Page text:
At the administrative hearing, the Bureau stipulated that the petitioners had complied with state law and were entitled to a certificate of need as defined in Chapter 381, Florida Statutes (1975). Thus, it was stipulated that the hearing would focus on whether the petitioners had complied with Section 1122 of Social Security Act, as added by Section 221(a), Public Law 92-603, and were, therefore, deserving of a certificate.6

On October 12, 1976, the hearing officer entered his order finding, among others, that the Bureau had, by written stipulation and statements of counsel, admitted that it failed to grant or deny petitioners' application within the time period required by Subsection 381.494(6), Florida Statutes (1975), and Subsection 10I-1.03(a)(5), Florida Administrative Code.7 The hearing officer further found that petitioners' sole extension was oral and effective only to May 1, 1976, but that respondent had waited until May 24, 1976, to prepare its letter denying petitioners' application, which letter was received by petitioners on May 26, 1976.

Lastly, the hearing officer concluded that the failure of the respondent to render its decision on the application within the time constraints imposed by the applicable federal rules and regulations had the effect of a determination that the proposed capital expenditure was in conformity with the pertinent standards, criteria and plans. The hearing officer, accordingly, recommended approval of the application.

Following the entry of the hearing officer's order, the Bureau and the Intervenor filed a Petition for Writ of Certiorari, which was dismissed by this Court for want of jurisdiction.8

On January 10, 1977, the Bureau, through its manager, Forehand, entered its final agency order rejecting certain conclusions of fact and law set forth in the hearing officer's order finding and concluding that:

"... the [petitioners'] application is not in conformity with the standards, criteria and plans of the United States Department of Health, Education and Welfare, and that the application be denied."

There exists an agreement between the Secretary of Health, Education and Welfare and the State of Florida to carry out the provisions of Section 1122 of Social Security Act, as added by Section 221(a), Public Law 92-603. This agreement provides that the Bureau is the Designated Planning Agency (DPA) for the purposes of the agreement and, further, provides that, among others, 42 CFR, 100.106(a)(4), is applicable to the agreement. 42 CFR, 100.106(a)(4) provides, in part:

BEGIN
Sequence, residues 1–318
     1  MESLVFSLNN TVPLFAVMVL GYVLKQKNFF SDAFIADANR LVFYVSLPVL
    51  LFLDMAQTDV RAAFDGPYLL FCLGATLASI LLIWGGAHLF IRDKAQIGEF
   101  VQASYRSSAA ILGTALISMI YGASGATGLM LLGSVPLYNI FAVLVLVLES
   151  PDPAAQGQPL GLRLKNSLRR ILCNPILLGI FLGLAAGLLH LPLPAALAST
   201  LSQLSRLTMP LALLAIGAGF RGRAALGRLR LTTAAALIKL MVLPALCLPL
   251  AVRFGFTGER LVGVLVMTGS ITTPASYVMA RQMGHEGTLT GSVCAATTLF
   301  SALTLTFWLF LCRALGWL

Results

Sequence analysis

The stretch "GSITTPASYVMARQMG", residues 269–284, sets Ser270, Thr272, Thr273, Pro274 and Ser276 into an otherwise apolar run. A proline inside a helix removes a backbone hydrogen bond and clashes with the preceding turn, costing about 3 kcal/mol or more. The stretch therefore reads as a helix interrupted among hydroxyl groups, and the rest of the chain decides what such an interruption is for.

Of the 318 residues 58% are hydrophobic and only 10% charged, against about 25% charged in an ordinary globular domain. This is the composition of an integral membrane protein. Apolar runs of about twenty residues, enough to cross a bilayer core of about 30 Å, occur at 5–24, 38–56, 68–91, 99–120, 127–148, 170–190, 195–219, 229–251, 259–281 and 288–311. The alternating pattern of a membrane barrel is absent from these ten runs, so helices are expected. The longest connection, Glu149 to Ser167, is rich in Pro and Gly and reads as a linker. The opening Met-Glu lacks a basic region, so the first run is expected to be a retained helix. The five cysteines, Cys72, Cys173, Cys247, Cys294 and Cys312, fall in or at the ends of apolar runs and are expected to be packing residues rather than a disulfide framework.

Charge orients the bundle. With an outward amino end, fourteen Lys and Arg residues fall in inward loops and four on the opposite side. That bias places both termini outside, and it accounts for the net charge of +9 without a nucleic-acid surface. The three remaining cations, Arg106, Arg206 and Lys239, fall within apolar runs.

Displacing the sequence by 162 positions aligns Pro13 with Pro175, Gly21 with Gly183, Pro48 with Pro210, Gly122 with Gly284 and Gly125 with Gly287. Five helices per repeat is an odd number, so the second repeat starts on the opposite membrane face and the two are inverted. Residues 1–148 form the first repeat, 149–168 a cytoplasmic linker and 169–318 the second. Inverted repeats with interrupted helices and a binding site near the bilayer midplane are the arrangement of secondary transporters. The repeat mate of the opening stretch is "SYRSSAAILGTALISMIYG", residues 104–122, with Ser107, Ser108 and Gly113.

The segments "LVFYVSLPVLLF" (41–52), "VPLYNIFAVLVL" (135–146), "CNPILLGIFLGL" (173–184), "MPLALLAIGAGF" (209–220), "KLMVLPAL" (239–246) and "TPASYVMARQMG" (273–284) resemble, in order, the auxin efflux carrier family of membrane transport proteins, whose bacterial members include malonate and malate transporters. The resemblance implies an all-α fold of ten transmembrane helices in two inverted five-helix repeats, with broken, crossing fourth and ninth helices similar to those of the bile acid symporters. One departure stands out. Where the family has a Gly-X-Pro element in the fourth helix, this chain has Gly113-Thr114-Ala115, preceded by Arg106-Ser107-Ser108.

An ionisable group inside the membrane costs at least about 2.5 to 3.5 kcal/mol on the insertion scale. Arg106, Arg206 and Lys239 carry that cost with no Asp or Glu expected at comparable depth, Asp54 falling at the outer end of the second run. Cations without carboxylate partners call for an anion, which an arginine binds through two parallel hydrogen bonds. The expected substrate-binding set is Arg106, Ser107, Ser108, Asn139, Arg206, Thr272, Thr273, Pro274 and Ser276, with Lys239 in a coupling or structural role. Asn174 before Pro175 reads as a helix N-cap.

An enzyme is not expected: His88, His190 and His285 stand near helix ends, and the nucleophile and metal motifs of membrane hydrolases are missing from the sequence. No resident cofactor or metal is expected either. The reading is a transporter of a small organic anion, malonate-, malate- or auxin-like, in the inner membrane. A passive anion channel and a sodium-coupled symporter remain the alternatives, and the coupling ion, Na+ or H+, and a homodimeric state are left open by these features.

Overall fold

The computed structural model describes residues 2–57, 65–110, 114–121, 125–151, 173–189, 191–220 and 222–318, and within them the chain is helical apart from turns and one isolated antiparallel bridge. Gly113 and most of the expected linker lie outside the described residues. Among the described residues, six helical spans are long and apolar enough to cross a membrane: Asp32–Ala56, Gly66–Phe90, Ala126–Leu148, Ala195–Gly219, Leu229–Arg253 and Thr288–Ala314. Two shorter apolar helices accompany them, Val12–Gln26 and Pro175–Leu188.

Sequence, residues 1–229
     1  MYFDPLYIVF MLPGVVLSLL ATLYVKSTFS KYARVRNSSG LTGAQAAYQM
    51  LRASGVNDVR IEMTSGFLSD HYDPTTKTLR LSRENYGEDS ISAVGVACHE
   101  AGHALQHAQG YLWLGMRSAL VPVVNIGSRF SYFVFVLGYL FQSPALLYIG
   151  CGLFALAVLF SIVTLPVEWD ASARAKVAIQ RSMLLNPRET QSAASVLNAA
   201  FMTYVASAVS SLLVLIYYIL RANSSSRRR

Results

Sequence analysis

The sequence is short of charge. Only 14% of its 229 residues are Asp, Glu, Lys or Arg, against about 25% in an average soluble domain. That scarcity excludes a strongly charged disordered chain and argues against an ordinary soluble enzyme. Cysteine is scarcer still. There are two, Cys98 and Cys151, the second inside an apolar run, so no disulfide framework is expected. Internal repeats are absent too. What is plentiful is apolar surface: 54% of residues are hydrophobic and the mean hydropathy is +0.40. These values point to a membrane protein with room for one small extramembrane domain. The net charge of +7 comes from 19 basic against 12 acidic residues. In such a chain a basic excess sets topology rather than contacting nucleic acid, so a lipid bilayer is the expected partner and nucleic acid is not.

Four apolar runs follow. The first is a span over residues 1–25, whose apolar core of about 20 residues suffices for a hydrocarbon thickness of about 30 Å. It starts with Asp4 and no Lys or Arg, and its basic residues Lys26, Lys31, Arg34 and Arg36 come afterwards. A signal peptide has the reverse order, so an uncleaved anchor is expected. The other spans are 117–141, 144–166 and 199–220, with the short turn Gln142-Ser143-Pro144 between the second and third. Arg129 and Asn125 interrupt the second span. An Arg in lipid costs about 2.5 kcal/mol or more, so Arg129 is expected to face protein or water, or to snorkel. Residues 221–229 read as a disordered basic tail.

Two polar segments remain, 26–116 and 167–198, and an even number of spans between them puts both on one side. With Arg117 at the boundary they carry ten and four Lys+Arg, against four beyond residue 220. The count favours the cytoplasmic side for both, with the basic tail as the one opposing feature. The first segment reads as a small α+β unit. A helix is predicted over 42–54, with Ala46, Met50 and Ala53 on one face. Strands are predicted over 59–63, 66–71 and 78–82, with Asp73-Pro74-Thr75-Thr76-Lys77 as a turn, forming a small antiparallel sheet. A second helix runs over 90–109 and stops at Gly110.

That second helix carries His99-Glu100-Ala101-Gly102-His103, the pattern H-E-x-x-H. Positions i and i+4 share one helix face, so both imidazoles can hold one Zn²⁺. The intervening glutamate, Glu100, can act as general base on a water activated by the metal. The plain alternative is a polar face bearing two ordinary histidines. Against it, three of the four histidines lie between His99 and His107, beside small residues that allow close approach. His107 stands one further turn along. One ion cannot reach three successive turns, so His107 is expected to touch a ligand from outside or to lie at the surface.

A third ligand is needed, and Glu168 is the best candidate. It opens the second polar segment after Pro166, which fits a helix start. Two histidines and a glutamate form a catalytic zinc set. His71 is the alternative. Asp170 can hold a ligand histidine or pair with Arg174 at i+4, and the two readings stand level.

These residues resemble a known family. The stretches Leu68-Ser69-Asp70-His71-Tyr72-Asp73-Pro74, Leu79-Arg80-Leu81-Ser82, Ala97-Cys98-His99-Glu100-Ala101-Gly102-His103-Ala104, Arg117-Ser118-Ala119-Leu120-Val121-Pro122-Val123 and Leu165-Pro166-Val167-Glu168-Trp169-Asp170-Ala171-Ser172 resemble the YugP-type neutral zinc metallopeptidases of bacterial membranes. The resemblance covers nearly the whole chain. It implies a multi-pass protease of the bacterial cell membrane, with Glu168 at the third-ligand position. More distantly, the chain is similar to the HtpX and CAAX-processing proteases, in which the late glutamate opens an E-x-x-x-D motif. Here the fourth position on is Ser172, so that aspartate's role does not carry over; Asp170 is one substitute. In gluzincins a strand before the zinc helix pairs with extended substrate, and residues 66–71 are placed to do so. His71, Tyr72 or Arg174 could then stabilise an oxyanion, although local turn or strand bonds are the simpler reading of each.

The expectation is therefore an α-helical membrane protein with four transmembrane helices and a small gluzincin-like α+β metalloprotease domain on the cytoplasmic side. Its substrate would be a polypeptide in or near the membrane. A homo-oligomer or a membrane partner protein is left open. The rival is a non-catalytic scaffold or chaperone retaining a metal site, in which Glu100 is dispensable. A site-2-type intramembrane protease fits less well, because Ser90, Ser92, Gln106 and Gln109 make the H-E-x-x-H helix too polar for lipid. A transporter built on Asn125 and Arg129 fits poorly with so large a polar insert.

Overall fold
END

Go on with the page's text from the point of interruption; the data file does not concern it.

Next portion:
"4. Except as provided in paragraph (a)(3) of this section, the designated planning agency shall, prior to the date set out in the written notice of intention submitted pursuant to paragraph (a)(1) of this section as the expected date for the obligation of the proposed expenditure (but, subject to the provisions of paragraph (a)(3) of this section in no event later than 90 days after the receipt of such notice unless the person proposing the capital expenditure agrees to a longer period), provide written notification to the person proposing such capital expenditure (i) that such capital expenditure has been determined by such agency to be in conformity with the standards, criteria and plans described in § 100.104(a)(2); or (ii) that such agency has elected not to review the proposed capital expenditure (which election shall be equivalent to a determination by such agency that such expenditure is in conformity with such standards, criteria, and plans), in which event the designated planning agency shall notify the Secretary of its reasons for electing not to review the proposed capital expenditure; or (iii) that such agency after having consulted with, and taken into consideration the findings and recommendations of, the other agencies described in § 100.105 (to the extent that such proposed capital expenditure is within the respective fields of responsibility of such other agencies), has determined that the proposed capital expenditure would not be in conformity with the standards, criteria, or plans described in § 100.104(a)(2). The failure of the designated planning agency to provide any such notification within the time limitations set forth above shall have the effect of a determination described in paragraph (a)(4)(i) of this section...."9

Thus, by federal regulation and by the terms of the agreement that it entered into, the Bureau was bound in such situations to either: 1) Provide written notification that the proposed capital expenditure was in conformity with the applicable standards and criteria; 2) provide written notification that it would not review the proposed capital expenditure, which would have the effect of a favorable review; or 3) provide written notice that the proposed capital expenditure did not conform to the applicable standards and criteria.